A bothersome scenario.
Posted: 20 March 2014 08:52 AM   [ Ignore ]
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Something happened that has me a bit peeved.

So I guess the new guy who works in back(the warehouse) with (lets call him)Dave has complained a couple times about Dave being mean; which is understandable, Dave is verbally abusive, diminutive, and extremely disrespectful. The new girl (who tends to bracket men to fit the traditional male role) had this to say, “Oh boo hoo, you’re really going to complain? You’re a grown man.” I found this immediately angering. She sees being an obnoxious jerk who every hates (i.e. Dave) to be perfectly fine and pretty much just being a ‘real man’ while taking issue with being berated as being emasculate and unmanly. Why do so many girls/women think this way? Do they just genuinely think that men just don’t have feelings like girls do? Because surprise surprise, men have the same feelings as women, we’re just ‘taught’ not to show pain or objections because ‘real men’ don’t ‘need’ these feelings. But it’s not a lack of feelings men have, it’s just a suppression of the same feelings everyone has. In fact, psychologically speaking, it’s unhealthy for one’s sense of self to suppress emotions as nearly unanimously agreed by psychologists. And in my opinion, shouldn’t the ‘grown man’ be the one who knows how to have manners/respect(?)

So, this guy who is so insufferable that no one can stand to be around him, is not faulted for being awful, but the guy who doesn’t want to work with someone who berates him is the guy who needs to shape up? I just thought this was the basest empathetic ignorance on The New Girl’s part. It shows a failure to reason honestly and to care sufficiently about the wellbeing of others, due to a pre-established expectation of emotional suppression. It’s because of situations and standards of this type, in my opinion, that the number of men in counseling/therapy now outweigh women.

This is not the first time the new girl has said something of this nature, where she finds it unacceptable for men not to fit the old archetype of masculinity and stoicism and it really gets under my skin.

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Posted: 20 March 2014 09:54 AM   [ Ignore ]   [ # 1 ]
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It seems apparent that Dave is a bully and picks on those weaker (physically, verbally, or emotionally) than himself.  The new girl sees that obvious behavior (incorrectly) as real masculinity.  Sorry for my stereotype of her, but she’s the kind of girl who adores a macho jerk, gets married to him, then can’t understand why he keeps beating her up.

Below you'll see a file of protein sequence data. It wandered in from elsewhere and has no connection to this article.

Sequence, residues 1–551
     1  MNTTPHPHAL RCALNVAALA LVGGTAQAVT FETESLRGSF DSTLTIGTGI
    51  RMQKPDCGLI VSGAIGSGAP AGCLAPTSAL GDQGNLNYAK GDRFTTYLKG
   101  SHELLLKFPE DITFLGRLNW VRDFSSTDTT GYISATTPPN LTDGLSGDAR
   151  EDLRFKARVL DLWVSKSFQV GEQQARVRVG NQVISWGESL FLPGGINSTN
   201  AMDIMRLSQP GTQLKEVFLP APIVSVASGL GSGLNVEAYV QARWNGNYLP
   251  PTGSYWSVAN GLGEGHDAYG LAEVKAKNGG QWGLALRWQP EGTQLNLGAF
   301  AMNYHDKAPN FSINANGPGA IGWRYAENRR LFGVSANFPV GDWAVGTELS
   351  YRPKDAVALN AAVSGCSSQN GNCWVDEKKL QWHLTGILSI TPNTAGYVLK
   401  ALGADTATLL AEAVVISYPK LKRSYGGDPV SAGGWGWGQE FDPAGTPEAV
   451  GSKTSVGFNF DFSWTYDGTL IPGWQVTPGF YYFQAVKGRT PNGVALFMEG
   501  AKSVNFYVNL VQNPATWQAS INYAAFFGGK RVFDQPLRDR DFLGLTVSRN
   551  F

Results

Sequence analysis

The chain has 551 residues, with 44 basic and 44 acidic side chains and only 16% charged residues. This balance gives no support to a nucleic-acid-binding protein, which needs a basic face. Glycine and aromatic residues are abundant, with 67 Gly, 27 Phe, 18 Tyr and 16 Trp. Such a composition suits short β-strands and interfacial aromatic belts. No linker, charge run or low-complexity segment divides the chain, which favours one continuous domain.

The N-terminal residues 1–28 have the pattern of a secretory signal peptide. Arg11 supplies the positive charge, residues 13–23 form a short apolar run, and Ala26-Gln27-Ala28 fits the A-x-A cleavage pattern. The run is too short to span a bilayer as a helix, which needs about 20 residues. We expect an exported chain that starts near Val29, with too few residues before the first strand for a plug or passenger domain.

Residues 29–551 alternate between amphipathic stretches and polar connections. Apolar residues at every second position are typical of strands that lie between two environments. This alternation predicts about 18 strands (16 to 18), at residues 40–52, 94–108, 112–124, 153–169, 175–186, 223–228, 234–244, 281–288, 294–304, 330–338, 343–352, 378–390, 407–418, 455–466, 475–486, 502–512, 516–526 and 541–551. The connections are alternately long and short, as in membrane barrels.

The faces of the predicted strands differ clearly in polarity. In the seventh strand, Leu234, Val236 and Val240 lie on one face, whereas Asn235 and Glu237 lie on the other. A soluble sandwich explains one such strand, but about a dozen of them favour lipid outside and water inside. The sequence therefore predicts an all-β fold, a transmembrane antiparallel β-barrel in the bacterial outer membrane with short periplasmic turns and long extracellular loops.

As a personal aside, since I became an adult I’ve loved verbal bullies, since I learned from my father how to appear to be just being funny to everyone else but slicing the S.O.B.‘s figurative head off after s/he attacks someone weaker than him/her.  It micturates them off, but they learn to keep their mouths shut.  smile

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[ Edited: 20 March 2014 09:59 AM by Occam. ]
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Posted: 20 March 2014 03:27 PM   [ Ignore ]   [ # 2 ]
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We all interact with people like that. One of my friends taught me a long time ago that Occam’s tactic is the best way to deal with these people: get everyone laughing at them. The more angry they get the deeper hole they dig and the more everyone laughs.

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Posted: 21 March 2014 08:52 AM   [ Ignore ]   [ # 3 ]
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Callisto Enceladus - 20 March 2014 08:52 AM

Something happened that has me a bit peeved.

So I guess the new guy who works in back(the warehouse) with (lets call him)Dave has complained a couple times about Dave being mean; which is understandable, Dave is verbally abusive, diminutive, and extremely disrespectful. The new girl (who tends to bracket men to fit the traditional male role) had this to say, “Oh boo hoo, you’re really going to complain? You’re a grown man.” I found this immediately angering. She sees being an obnoxious jerk who every hates (i.e. Dave) to be perfectly fine and pretty much just being a ‘real man’ while taking issue with being berated as being emasculate and unmanly. Why do so many girls/women think this way? Do they just genuinely think that men just don’t have feelings like girls do? Because surprise surprise, men have the same feelings as women, we’re just ‘taught’ not to show pain or objections because ‘real men’ don’t ‘need’ these feelings. But it’s not a lack of feelings men have, it’s just a suppression of the same feelings everyone has. In fact, psychologically speaking, it’s unhealthy for one’s sense of self to suppress emotions as nearly unanimously agreed by psychologists. And in my opinion, shouldn’t the ‘grown man’ be the one who knows how to have manners/respect(?)